Making the decision to remove the academic credit option wouldn’t just be a way for GW reduce its administrative costs and deal with less paperwork. Actually, it’s a high-minded idea that would make the University a centerpiece in the emerging cultural conversation on the immorality of unpaid internships.
A website has the potential to truly damage recruitment efforts for Greek life. Here’s what I mean: At GW, not all hazing is created equal.
I was sitting in class six years ago when a sharp pain ran through my back and stomach. I was shaking. I was cold, but sweating. I felt like I was being stabbed again and again.
Tuition isn’t the only thing that has been growing steadily at GW. Over the past decade, the amount of administrative hires has dramatically increased.
In the past few years at GW, we’ve undoubtedly made strides for the lesbian, gay and bisexual segments of the “LGBT” acronym. But even at an LGBT-friendly university, the transgender population is often forgotten.
GW tells prospective students that they have the exclusive opportunity to graduate on the National Mall. But what the University isn’t as proud to share is that one in five students don’t make it there within six years.
Now that everyone’s had the opportunity to sound off on the financial and academic implications of all this, let’s talk about another pleasant upside for GW: This makes us cooler.
If people follow through with the suggestion that we should stop donating to schools because of diversity problems, they will only make the problem worse.
The merger’s fortunes depend on how well GW can keep an artistic community together. GW just has to make sure it improves the college – helping it organizationally and financially – while keeping its character intact.
If we hope to play a meaningful role in improving the condition of our city, listening to the debate going on around us is an essential first step that too many individuals disregard and rush past in order to fill up a resume.
And all of the characters are dealing with issues, but here’s the catch: None of them let their shortcomings and struggles dictate their entire lives.
This allegation should serve as a rousing reminder that when it comes to mental health services, the University still much to do to earn back students’ trust. And it was just the latest in a long line of issues that have put UCC in a harsh spotlight.
This isn’t necessarily about ego stroking: The opportunity is extremely valuable for those budding politicos who participate. Every student with political aspirations has the opportunity to try out that career on a smaller scale.
We shouldn’t forget that GW’s dining plan perpetuates its affordability problems.
GW, essentially, has two student bodies: international students and American ones. And though I’ve only been here a few months, I sense an overwhelming “us versus them” mentality that acts as a complete obstacle to a positive coexistence.
It is the great irony of the SA debate: It seems that those who care enough to go have already made up their minds.
Our job is to always put students first – to find out how your GW experience could be improved and to bring that feedback to the table during conversations with University administrators and faculty.
Only Gumas has demonstrated the forethought to put together goals that tackle high-level but achievable issues like student health and college affordability. Based on the candidates’ platforms and a discussion with the editorial board, we endorse Nick Gumas for SA president.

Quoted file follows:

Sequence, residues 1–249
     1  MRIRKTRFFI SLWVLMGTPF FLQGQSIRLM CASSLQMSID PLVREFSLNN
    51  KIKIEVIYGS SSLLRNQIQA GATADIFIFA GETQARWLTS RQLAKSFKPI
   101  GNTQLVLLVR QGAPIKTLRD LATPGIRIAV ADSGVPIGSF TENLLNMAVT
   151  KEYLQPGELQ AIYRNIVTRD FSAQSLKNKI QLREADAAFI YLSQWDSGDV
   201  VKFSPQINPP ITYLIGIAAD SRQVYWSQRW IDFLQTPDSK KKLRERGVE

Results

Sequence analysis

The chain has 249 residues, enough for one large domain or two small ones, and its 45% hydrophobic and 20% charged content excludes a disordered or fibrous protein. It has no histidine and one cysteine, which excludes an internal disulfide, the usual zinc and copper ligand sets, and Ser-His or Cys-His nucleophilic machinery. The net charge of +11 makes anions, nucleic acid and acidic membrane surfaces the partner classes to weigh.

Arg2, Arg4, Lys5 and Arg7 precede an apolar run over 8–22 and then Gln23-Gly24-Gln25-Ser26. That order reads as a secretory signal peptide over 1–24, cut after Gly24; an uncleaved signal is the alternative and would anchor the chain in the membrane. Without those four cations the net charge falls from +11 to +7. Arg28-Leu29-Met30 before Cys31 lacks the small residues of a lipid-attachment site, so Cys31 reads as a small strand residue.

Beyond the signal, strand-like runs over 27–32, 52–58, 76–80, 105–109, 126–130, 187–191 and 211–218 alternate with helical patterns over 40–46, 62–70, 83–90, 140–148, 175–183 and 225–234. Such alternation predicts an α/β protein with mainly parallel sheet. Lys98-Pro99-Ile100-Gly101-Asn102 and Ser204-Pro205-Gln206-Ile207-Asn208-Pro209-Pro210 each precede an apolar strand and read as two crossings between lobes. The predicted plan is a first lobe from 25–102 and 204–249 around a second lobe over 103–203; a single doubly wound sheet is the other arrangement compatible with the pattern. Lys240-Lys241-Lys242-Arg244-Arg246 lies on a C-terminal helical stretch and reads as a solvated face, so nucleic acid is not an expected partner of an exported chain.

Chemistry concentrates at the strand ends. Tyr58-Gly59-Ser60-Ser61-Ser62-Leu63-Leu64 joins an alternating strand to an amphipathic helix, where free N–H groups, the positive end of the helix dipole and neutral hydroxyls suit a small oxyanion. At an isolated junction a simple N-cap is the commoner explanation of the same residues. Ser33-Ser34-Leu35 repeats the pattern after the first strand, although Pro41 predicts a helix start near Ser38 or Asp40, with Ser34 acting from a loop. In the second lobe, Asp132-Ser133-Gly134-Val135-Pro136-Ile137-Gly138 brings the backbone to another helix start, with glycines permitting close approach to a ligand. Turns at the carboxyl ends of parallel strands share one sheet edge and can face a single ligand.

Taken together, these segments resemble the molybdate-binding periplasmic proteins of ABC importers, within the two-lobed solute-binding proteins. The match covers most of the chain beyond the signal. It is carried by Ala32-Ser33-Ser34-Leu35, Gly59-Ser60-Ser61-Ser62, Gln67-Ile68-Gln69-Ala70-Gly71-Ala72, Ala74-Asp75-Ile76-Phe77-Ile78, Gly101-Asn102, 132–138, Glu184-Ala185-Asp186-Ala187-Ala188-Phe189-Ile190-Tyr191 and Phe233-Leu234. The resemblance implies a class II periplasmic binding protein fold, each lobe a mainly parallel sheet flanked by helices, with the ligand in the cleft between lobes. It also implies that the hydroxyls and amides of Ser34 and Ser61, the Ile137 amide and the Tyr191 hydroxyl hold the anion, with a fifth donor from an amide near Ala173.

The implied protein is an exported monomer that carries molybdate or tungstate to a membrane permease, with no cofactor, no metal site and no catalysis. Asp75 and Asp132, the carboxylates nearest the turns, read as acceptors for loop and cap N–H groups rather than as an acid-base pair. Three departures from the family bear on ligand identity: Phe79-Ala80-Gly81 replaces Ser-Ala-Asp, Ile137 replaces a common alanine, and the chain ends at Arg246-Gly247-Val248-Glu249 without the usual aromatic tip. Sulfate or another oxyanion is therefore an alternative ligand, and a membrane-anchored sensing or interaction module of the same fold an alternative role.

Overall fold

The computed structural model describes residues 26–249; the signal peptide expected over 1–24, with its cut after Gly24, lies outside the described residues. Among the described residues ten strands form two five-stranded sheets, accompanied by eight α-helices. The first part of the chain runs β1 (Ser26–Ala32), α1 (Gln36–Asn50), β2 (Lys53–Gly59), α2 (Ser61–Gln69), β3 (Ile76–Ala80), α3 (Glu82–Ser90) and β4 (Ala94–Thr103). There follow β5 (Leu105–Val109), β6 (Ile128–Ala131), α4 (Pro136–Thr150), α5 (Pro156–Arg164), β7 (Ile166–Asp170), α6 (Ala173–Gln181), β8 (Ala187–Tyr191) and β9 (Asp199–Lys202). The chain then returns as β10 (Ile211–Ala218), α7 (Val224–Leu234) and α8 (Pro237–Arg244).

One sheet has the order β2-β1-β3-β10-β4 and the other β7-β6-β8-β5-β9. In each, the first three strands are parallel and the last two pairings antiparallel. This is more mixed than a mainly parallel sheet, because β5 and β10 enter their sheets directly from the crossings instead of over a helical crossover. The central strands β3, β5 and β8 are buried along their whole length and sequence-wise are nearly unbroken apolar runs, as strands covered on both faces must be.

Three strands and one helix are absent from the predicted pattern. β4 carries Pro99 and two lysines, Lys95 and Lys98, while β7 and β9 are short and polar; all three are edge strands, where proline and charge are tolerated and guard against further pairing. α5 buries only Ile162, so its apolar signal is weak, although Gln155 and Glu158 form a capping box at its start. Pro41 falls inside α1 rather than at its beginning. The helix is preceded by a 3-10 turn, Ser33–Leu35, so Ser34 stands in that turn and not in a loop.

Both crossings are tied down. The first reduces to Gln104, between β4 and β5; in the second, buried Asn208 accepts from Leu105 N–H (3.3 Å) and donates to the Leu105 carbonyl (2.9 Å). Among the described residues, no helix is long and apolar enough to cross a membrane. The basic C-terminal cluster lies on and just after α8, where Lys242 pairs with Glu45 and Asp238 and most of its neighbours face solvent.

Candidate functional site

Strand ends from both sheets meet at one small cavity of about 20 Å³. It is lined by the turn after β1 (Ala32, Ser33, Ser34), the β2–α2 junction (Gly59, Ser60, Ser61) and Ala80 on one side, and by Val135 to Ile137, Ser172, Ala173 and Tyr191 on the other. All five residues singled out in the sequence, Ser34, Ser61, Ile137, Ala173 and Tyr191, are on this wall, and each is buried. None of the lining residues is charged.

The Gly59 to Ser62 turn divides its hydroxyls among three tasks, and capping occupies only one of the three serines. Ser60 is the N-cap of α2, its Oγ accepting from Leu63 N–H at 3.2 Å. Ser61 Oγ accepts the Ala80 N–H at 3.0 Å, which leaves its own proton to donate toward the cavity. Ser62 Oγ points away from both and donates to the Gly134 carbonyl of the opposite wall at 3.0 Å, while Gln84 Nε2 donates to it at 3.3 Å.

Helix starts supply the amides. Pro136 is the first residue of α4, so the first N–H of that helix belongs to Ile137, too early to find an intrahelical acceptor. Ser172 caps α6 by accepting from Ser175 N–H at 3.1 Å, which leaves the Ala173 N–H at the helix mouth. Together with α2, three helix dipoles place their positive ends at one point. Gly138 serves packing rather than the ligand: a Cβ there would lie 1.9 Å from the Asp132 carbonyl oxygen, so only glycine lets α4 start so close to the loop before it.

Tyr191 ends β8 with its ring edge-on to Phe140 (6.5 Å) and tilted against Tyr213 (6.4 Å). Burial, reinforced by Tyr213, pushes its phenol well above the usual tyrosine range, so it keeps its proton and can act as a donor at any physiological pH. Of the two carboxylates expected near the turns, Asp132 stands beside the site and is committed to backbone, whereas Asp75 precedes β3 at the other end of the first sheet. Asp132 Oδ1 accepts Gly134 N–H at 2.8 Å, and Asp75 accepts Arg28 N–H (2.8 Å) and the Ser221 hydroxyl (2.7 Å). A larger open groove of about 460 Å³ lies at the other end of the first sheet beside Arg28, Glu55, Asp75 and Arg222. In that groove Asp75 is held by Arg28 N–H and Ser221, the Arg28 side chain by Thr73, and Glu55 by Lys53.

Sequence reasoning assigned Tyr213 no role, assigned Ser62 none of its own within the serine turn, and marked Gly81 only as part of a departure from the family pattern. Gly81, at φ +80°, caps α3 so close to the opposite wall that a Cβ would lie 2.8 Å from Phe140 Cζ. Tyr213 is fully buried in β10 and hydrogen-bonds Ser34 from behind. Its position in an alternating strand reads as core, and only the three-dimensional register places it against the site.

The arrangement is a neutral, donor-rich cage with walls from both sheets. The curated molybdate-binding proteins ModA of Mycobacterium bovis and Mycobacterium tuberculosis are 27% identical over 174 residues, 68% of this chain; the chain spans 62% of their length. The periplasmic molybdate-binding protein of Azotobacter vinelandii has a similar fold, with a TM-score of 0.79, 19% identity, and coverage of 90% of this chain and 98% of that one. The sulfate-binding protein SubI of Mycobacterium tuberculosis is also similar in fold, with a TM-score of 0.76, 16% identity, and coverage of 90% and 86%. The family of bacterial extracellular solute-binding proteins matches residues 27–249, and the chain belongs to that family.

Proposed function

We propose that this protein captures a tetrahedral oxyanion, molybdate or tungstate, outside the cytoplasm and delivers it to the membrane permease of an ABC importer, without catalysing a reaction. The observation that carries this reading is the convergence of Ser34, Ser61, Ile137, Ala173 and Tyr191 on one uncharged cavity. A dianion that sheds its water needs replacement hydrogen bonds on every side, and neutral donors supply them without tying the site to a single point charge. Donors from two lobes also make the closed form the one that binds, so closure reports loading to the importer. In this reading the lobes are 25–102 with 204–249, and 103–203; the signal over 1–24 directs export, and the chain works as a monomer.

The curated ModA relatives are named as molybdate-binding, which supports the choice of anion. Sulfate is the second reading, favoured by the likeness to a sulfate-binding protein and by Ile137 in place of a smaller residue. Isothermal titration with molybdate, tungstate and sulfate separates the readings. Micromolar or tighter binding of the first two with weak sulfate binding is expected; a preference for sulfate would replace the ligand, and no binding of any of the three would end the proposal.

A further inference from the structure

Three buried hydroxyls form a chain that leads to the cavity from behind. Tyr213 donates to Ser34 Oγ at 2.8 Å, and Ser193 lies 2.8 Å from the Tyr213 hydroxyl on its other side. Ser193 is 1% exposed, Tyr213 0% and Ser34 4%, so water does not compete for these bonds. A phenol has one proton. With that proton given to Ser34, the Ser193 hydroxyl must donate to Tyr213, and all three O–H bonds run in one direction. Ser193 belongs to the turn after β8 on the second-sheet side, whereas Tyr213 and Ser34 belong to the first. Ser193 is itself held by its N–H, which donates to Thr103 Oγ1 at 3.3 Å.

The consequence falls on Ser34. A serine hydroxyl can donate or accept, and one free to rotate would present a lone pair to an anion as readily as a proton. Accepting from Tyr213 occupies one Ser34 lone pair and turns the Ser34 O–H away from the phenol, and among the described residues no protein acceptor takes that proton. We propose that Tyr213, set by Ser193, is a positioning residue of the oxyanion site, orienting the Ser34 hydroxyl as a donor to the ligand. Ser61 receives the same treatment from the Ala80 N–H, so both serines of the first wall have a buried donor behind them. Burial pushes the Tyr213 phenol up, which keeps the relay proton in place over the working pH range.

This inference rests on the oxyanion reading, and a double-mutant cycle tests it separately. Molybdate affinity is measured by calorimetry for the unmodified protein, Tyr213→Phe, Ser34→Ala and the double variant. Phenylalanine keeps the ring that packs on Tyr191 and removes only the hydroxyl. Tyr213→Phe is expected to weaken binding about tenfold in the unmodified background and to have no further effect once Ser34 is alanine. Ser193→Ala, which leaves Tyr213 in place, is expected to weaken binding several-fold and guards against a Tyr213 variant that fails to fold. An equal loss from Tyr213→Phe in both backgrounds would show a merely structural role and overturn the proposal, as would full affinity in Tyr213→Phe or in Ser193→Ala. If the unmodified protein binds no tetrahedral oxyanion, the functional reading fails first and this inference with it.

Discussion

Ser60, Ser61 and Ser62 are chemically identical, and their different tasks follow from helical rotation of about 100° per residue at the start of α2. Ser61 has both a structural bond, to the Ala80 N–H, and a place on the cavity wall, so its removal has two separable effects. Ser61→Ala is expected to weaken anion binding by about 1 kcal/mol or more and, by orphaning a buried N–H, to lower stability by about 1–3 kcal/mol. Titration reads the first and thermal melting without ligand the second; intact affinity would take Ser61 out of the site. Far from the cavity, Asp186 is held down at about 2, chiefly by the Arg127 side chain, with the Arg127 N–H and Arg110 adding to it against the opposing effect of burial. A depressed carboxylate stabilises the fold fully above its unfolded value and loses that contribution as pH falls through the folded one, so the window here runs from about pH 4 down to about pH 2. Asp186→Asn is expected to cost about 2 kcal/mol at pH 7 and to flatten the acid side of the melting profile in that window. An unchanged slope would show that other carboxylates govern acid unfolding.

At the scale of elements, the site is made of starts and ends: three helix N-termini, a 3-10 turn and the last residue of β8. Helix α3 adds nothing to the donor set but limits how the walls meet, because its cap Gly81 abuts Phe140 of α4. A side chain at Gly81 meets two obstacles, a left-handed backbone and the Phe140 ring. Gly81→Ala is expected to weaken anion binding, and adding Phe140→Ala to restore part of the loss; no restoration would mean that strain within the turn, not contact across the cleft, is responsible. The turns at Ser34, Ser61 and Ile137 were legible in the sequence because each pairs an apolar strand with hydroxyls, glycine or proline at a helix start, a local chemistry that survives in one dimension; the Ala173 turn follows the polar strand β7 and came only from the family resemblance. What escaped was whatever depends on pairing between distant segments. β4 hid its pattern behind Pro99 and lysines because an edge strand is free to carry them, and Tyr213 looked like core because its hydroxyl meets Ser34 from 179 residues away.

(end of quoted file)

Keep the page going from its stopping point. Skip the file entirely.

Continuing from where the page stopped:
GW is not unlocking the full potential of MOOCs. Instead of massive and open, the University can offer key benefits to the alumni it is trying to please.
Junior Avra Bossov was the only candidate to present a clear understanding of the EVP role and to craft goals that fit the position. Her plans to rejuvenate the SA Senate and improve the quality of care at the University Counseling Center require stronger action plans, but would substantially improve student life.
The University rolled out the new iHousing portal Thursday. GW Housing designed the new website to function in more browsers and be easier to navigate. It only makes sense to bulk up the housing survey at the same time.
So far, the online submissions range from the criminally uncreative “George Washington Hall” to the vaguely aquatic “Colonial Cove.” But none of these ideas capture the true essence of the future hall.
We shouldn’t give up on achieving our goals of becoming an internationally focused school. But if we take leaps that are too large, we’ll end up falling flat on our faces.
These days, there’s a new document all the law students are analyzing. And no, it isn’t Justice Antonin Scalia’s latest court opinion.
We shouldn’t downplay the positive influence these apps have had on college culture. Jokes and awkwardness aside, the proliferation of apps like Tinder and Grindr has liberalized our sexual and romantic lives, and helped open up needed conversations about sex.
It is our hope that our students, and even other universities, will look at our model as an important step in the holistic development of college business students to better prepare them for the workplace. Our desire is to set our students on a path of lifelong learning as they embark on their future careers.
This requirement would ask students to force connections between internships, student organizations, academic pursuits and a couple of elusive buzzwords – “citizenship” and “leadership.”
Finding a job after graduation is stressful and confusing. There’s the endless stack of applications, the recommendations, the interviews.
Students here don’t just attend GW for a few years and then move away. There's no need to cling to your swing state voter status because more than 84,000 alumni make the District their home for years after they graduate.